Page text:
I'm not afraid to admit that I'm a contrarian investor. There's nothing I love more than rooting for the underdog in sports, and my stock-picking strategy often involves going against the grain and purchasing largely unloved, underappreciated, and rarely followed companies. Some years this strategy works wonders, and sometimes it doesn't.
As one of Warren Buffett's most famous adages goes, you should "be fearful when other are greedy, and greedy when others are fearful." It's the quintessential modus operandi for contrarian investors like myself. But, even I've often wondered how accurate contrarian investing can be, or whether going against the grain has had its benefits over time.
Does going against the grain have its benefits?
According to a poll conducted by research firm Gallup a little more than a week ago, there may indeed be some merit to doing the exact opposite of what the majority of investors are doing.
Gallup's poll of more than 1,000 adults across the U.S. asked each individual the following question:
If you had a thousand dollars to spend, do you think investing it in the stock market would be a good or bad idea?
The results from the prior week's poll showed that 50% of respondents believe that investing in the market would be a bad idea right now, while 46% think it'd be a good idea. This is the tightest the good-versus-bad range has been in nearly a decade, which you can see by reviewing Gallup's data from 1990 through 2014. But what really stands out is just how wrong the consensus opinion has been since 1990!
The proof is in the responses
Since 1990, there have been three recessions in the United States -- July 1990 through March 1991, March through November 2001, and the Great Recession from December 2007 through June 2009. In similar polls conducted by Gallup in 1990, shortly after the 2001 recession in late 2002, and in early 2008, which asked the same good idea-versus-bad idea type of question, the number of respondents who believed investing $1,000 into the stock market was a good idea stood at just 26%, approximately 30%, and 33%, respectively -- essentially the three lowest points over the past 24 years.
However, these time periods also corresponded with an enormous opportunity for investors to make money. Using some rough approximations -- because I don't have the precise date some of these polls were conducted -- the S&P 500 (SNPINDEX:^GSPC) returned around 250% between the beginning of 1990 and the start of the March 2001 recession, a 64% return between November 2002 and the December 2007 recession, and has returned nearly 35% since March 2008 through Friday's close. In other words, when the percentage of respondents who believe that investing in the stock market is a good idea has dipped below 35% since 1990, it's been a signal to buy!
The flipside hasn't delivered as perfect of a tale, but it still heavily favors going against the grain. The four highest readings registered by Gallup's polls are from early 1997, early 1998, January 2000, and late 2006, in which 62%, approximately 65%, 67%, and 54% of respondents, respectively, said that investing in the stock market was a good idea. Keep in mind, though, that the S&P 500 lost 33% of its value from the January 2000 poll through September 2001. Similarly, the S&P 500 would go onto to lose more than 50% of its value from the late 2006 poll, when 54% supported investing in the market through March 2009. While not a perfect science, it would appear that anytime more than 50% of respondents view the market as a good investment, the S&P 500 is nearing a top.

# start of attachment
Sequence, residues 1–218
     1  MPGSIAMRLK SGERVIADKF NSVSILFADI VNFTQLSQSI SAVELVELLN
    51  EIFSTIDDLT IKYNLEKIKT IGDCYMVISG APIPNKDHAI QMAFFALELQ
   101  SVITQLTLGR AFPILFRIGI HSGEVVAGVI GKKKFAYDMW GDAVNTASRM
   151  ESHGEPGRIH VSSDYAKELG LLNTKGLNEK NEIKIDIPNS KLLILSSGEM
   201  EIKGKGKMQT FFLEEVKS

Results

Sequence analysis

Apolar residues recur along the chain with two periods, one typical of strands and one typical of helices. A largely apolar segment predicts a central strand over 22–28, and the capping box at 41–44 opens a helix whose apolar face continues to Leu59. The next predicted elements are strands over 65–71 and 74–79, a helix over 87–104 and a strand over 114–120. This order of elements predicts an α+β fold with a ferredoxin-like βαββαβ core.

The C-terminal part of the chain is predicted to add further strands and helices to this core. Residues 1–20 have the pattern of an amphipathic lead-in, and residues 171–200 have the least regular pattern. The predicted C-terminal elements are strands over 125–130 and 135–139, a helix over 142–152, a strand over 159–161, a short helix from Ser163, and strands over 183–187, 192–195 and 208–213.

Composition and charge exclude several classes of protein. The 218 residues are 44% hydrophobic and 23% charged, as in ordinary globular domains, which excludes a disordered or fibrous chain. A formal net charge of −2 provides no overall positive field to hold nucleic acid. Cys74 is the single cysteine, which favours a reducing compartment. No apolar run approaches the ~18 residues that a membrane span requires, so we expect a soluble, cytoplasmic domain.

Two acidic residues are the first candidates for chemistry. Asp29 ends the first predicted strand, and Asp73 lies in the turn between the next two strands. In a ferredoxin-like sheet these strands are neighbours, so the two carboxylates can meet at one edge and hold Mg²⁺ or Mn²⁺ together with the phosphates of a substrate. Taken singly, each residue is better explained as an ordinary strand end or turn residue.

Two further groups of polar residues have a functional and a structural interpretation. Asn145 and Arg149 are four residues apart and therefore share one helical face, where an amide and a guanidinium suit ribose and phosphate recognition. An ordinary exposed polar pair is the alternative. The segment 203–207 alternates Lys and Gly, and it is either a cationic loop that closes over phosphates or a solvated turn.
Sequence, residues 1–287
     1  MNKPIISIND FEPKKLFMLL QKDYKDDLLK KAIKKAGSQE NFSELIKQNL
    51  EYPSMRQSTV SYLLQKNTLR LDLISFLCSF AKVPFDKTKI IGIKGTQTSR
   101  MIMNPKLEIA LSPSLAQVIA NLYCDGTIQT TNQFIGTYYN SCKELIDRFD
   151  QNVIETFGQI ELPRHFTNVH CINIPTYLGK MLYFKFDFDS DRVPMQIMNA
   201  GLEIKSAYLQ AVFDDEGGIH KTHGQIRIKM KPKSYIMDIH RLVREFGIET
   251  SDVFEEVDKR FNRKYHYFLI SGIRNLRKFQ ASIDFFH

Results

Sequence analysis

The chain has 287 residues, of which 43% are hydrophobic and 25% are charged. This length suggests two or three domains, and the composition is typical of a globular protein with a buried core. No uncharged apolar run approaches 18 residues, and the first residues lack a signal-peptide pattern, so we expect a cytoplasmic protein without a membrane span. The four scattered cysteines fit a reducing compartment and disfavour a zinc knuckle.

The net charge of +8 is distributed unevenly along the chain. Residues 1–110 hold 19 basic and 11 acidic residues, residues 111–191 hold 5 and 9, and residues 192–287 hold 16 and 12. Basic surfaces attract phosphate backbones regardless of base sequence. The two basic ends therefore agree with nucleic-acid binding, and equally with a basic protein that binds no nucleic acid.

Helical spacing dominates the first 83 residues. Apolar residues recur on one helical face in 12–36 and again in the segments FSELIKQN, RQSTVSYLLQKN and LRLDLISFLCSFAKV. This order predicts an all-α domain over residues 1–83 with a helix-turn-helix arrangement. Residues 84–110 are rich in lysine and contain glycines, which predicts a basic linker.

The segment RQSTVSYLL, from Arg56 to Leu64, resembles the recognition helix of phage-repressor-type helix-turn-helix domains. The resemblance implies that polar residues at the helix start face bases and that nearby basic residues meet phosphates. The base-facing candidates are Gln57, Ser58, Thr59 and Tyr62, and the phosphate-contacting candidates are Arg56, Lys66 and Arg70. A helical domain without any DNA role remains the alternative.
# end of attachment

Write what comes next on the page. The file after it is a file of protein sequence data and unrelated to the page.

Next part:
Where are we headed?
With 46% of respondents claiming, even with the S&P 500 just a few percentage points away from its all-time high, that investing in the stock market would be a great idea, our guard as investors should potentially be heightened, given Gallup's clearly contrarian data.
Just two weeks ago, being the noted contrarian and skeptic that I am, I pointed out a combination of three factors that have come together to add a bit of frosting onto the United States' economic recovery. Remove these economic aids, and the U.S. economy isn't nearly as healthy as it appears.
Although you can read about my synopsis in more detail here, my argument urging investing caution revolves around three points.
First, a falling labor participation rate has masked the fact that there's been no real job creation over the past five years. Instead, fewer people are looking for work, with some going back to school and retiring, while others have simply given up on finding a job. This is artificially lowering the unemployment rate and not giving us a true representation of the current job market.
Second, the continuation of the Federal Reserve's economic stimulus known as QE3 has artificially pushed interest rates lower and spoiled the American consumer to the point where any bump up in interest rates could cause a catastrophic drying up of lending activity. Loan originations, for example, hit a nearly two-decade low in December, even as 30-year mortgage rates still hover near historic lows.
Finally, U.S. corporations have been turning to steep cost cuts and share repurchases in an effort to mask weak organic growth. It's still early, but we've seen quite a few S&P 500 companies lowering their EPS or revenue forecasts this earning season.
These points could very well portend that a near-term market top is coming. Obviously, pinpointing exactly when that might occur is a fruitless task, but if Gallup's data holds true, a shift could be coming sooner rather than later!
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Fool contributor Sean Williams has no material interest in any companies mentioned in this article. You can follow him on CAPS under the screen name TMFUltraLong, track every pick he makes under the screen name TrackUltraLong, and check him out on Twitter, where he goes by the handle @TMFUltraLong.
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